D - H

I - J

K - Z


D - G

H - I

J - Z

1.5 +

D - F

G - I

J - Z

Clarity Recommendations for Emerald Cut Diamonds

The clarity grade of a diamond reflects the extent of the natural markings inside the stone, which gemologists call its “inclusions.” These inclusions are your diamond’s fingerprint – no two are alike. How extensive a diamond’s inclusions are inform what clarity grade it receives. The lesser the amount of inclusions, the more “flawless” the gem is.

Due to their unique window-like faceting, Emerald shaped diamonds show inclusions much more easily than any other cut. As a result, couples will need to select higher clarity grades in order to obtain an “eye clean” appearance. As it is harder to see flaws on smaller Emerald cut diamonds than larger ones, couples may find a smaller stones with lower clarity grades still look “eye clean.” Larger gems, however, tend to show inclusions more readily. The clarity chart below provides general guidelines for picking a clarity rating for your Emerald, based on your inclusion tolerance.

Important Note: Our clarity table gives guidance, but it is imperative in Emerald cuts to actually view the diamond to confirm eye clean appearance. The GIA Certificate is not enough. Every time a customer purchases an engagement ring from us, our gemologist checks to ensure the diamond is “eye-clean” and informs the customer if it isn’t.


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Carat Weight

Clean Under Light Magnification

Eye Clean

Visible Blemish Okay As Long As Not Very Obvious

< 0.5












1.5 - 2.0




2.0 +




Length to Width Ratio for Emerald Cut Diamonds

All diamonds in our search engine have the length to width listed. This ratio, which is simply the length divided by the width, determines how skinny or wide the diamond is. The larger the length to width ratio, the more rectangular the diamond. The smaller the length to width ratio, the more square the stone. Our favorite range for Emerald cut diamonds is 1.30-1.40.




Settings that Pair Well with Emerald Cut Diamonds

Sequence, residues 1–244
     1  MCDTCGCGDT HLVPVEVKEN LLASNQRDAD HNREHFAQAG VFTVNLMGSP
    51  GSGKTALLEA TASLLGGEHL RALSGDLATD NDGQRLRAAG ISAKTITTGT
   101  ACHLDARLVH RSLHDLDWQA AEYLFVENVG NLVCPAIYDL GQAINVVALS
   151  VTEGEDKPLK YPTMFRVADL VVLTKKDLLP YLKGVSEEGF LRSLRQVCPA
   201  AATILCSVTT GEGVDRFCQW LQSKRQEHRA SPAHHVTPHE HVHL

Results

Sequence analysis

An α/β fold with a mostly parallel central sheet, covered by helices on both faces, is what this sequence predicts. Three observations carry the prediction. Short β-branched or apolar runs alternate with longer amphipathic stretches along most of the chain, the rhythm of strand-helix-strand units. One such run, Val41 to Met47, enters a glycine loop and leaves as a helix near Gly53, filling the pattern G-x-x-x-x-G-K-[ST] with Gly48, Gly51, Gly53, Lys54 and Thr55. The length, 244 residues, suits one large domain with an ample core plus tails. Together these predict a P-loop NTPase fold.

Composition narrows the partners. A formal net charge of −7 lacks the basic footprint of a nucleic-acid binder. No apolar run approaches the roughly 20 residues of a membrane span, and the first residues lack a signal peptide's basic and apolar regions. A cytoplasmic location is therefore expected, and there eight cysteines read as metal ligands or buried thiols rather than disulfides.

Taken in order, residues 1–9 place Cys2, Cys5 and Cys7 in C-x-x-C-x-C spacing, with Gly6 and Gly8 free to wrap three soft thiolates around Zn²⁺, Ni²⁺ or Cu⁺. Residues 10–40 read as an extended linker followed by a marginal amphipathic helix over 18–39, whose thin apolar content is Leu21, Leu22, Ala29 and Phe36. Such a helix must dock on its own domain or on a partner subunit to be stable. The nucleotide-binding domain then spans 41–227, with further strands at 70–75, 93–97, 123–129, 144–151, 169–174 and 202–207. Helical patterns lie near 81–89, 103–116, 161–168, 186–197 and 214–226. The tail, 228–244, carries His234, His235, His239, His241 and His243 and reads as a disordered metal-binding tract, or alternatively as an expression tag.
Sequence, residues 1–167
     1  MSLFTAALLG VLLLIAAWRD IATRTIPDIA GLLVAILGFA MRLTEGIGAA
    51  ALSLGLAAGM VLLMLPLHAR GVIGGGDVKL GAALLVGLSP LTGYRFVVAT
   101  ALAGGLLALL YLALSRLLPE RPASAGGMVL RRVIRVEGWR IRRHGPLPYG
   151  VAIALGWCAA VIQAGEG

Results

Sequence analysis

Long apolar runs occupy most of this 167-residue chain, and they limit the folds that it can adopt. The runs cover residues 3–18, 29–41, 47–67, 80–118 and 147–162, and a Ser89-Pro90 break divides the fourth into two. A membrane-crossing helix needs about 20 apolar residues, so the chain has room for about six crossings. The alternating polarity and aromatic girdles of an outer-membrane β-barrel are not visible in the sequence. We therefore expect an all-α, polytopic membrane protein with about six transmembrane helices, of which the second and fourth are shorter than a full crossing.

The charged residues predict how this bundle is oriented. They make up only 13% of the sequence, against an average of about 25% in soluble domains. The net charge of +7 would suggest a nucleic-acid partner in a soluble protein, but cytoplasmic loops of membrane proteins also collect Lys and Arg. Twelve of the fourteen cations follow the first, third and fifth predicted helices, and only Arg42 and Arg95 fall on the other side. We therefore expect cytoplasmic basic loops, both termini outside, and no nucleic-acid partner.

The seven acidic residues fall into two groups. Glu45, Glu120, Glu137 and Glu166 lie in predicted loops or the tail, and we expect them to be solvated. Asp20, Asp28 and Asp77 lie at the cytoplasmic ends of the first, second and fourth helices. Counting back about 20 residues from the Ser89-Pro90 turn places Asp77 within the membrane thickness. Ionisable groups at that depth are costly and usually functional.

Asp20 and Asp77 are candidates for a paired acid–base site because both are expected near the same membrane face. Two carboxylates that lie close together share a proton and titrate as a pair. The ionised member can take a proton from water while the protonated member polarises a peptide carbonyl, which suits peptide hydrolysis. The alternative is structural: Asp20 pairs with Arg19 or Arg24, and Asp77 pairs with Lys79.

Emeralds are elegant and classic. But, not all ring settings show off their mirror sheen and clean, straight edges. Below are some of our favorite Emerald cut engagement rings. All Do Amore’s Emerald cut engagement rings are available in platinum, palladium, white gold, yellow gold, and rose gold.

Money Tips

When looking for an Emerald cut diamond, make sure to avoid dark boxes, and to maximize measurements. Emeralds are often cut quite deeply. This means that much of your carat weight is carried in the bottom of your stone – where you can’t even see it! So, when looking, pay attention to depth percentage. You want to pay for carat weight you see! A diamond with a depth percentage of lower than 67% will help you make sure you’re paying for carat weight you see, not weight carried in its belly.

3 Things to Ask Your Jeweler

  • 01.

    Photo & Video

    Always ask the jeweler you are buying from for a detailed picture or video like these stones. Look for appealing length-to-width ratio.

  • 02.

    Inspect It

    Ask the jeweler to pull the stone and actually visually inspect your diamond. Tilt the stone back and forth – make sure it doesn’t have a black box and does even steps.

  • 03.

    Measure It

    Make sure your emerald diamond’s measurements are maximized within your carat size. Look for depth percentages lower than 67%!

Other Ring Resources

See our in-depth educational guides, which were made to give practical advice with every aspect of your ring.







Gold Palladium & Platinum